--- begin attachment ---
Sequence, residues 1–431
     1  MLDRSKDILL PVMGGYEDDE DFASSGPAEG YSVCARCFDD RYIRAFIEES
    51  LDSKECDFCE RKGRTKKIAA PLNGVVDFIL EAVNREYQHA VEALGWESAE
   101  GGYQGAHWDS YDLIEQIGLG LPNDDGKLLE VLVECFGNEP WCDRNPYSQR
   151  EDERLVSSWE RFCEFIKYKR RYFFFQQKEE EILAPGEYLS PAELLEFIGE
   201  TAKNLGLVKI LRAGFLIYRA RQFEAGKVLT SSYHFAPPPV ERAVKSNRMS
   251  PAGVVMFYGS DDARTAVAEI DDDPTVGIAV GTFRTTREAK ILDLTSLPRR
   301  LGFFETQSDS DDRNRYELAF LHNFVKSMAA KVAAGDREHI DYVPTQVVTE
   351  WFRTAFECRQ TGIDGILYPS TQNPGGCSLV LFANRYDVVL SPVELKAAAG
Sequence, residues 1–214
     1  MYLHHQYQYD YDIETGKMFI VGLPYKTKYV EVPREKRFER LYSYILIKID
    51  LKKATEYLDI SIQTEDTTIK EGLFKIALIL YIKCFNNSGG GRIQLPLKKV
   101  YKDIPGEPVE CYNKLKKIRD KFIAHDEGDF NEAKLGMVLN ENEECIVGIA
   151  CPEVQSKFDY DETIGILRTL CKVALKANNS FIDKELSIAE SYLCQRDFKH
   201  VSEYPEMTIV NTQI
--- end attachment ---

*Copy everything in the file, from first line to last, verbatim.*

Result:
Sequence, residues 1–431
     1  MLDRSKDILL PVMGGYEDDE DFASSGPAEG YSVCARCFDD RYIRAFIEES
    51  LDSKECDFCE RKGRTKKIAA PLNGVVDFIL EAVNREYQHA VEALGWESAE
   101  GGYQGAHWDS YDLIEQIGLG LPNDDGKLLE VLVECFGNEP WCDRNPYSQR
   151  EDERLVSSWE RFCEFIKYKR RYFFFQQKEE EILAPGEYLS PAELLEFIGE
   201  TAKNLGLVKI LRAGFLIYRA RQFEAGKVLT SSYHFAPPPV ERAVKSNRMS
   251  PAGVVMFYGS DDARTAVAEI DDDPTVGIAV GTFRTTREAK ILDLTSLPRR
   301  LGFFETQSDS DDRNRYELAF LHNFVKSMAA KVAAGDREHI DYVPTQVVTE
   351  WFRTAFECRQ TGIDGILYPS TQNPGGCSLV LFANRYDVVL SPVELKAAAG
Sequence, residues 1–214
     1  MYLHHQYQYD YDIETGKMFI VGLPYKTKYV EVPREKRFER LYSYILIKID
    51  LKKATEYLDI SIQTEDTTIK EGLFKIALIL YIKCFNNSGG GRIQLPLKKV
   101  YKDIPGEPVE CYNKLKKIRD KFIAHDEGDF NEAKLGMVLN ENEECIVGIA
   151  CPEVQSKFDY DETIGILRTL CKVALKANNS FIDKELSIAE SYLCQRDFKH
   201  VSEYPEMTIV NTQI